“Charles Darwin observed that fear reactions are fairly universal across species: all mammals, including humans, exhibit readily observable fear responses.”—Stossel, Scott, My Age of Anxiety p. 42
“In 1915, Walter Cannon, the chair of the physiology department at Harvard Medical School, coined the term "fight or flight" to describe Darwin's idea of an "alarm reaction".”—Stossel, Scott, My Age of Anxiety p. 43
Individuals who suffer from anxiety disorders generally have a hyper-awareness of their environment. They are always scanning for possible threats which can be either external threats or internal threats.
“Anxious people are very smart at plotting out possible bad outcomes.”—Stossel, Scott, My Age of Anxiety p. 324
“Elements of modern research lend support to Northfield's warning: anxious people have a pathological tendency to focus their attention inward, on themselves, in a way that suggests a book-length dwelling on one's own anxiety is hardly the best way to escape it.”—Stossel, Scott, My Age of Anxiety p. 24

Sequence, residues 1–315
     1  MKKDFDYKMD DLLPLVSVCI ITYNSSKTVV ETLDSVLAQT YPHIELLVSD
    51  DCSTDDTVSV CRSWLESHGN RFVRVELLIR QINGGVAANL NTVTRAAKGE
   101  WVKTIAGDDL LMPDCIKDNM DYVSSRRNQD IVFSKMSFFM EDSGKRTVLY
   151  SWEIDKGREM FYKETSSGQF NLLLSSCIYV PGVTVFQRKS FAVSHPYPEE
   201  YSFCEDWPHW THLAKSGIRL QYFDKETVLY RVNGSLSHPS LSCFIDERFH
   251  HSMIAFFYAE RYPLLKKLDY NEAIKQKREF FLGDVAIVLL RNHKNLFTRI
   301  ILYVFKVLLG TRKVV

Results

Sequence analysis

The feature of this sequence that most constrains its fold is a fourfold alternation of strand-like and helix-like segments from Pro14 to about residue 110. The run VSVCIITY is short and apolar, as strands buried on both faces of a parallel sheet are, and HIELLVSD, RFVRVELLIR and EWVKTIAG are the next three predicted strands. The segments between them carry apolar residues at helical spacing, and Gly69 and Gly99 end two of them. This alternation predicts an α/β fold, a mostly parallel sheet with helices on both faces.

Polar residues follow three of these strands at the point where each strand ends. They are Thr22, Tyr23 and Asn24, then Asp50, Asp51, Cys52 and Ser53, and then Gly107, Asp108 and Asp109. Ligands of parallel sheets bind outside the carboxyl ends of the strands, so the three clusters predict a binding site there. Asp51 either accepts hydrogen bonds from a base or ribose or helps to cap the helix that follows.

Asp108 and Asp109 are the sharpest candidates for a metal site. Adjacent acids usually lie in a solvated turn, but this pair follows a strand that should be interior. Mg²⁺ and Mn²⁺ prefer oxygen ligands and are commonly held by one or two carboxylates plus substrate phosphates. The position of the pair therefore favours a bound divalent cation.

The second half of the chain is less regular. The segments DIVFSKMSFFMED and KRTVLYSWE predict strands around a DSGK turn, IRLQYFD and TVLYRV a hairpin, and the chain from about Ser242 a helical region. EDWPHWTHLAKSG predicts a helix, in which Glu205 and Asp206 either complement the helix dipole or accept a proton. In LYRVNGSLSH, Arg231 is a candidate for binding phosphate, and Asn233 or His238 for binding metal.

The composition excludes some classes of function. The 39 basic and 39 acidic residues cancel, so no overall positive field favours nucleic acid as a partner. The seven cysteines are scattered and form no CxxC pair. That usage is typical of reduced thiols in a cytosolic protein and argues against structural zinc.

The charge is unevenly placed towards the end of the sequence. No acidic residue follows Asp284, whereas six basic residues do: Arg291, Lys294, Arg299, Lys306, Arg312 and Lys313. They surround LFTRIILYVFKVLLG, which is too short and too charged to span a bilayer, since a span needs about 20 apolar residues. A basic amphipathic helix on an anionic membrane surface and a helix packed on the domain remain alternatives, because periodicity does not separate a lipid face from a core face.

“David Barlow, one of the preeminent researchers in the field, notes that pathological, negative self-focus "seems to be an integral part of the cognitive-affective structure of anxiety..."”—Stossel, Scott, My Age of Anxiety p. 24
If the variables in the external environment become too uncontrollable to possibly safeguard against, attention can then switch to the internal environment of the patient where they at least feel they have some control.
“Anxiety disorder patients tend both to feel like they don't have much control over their lives and to be afraid of losing control of their bodies or their minds.”—Stossel, Scott, My Age of Anxiety p. 87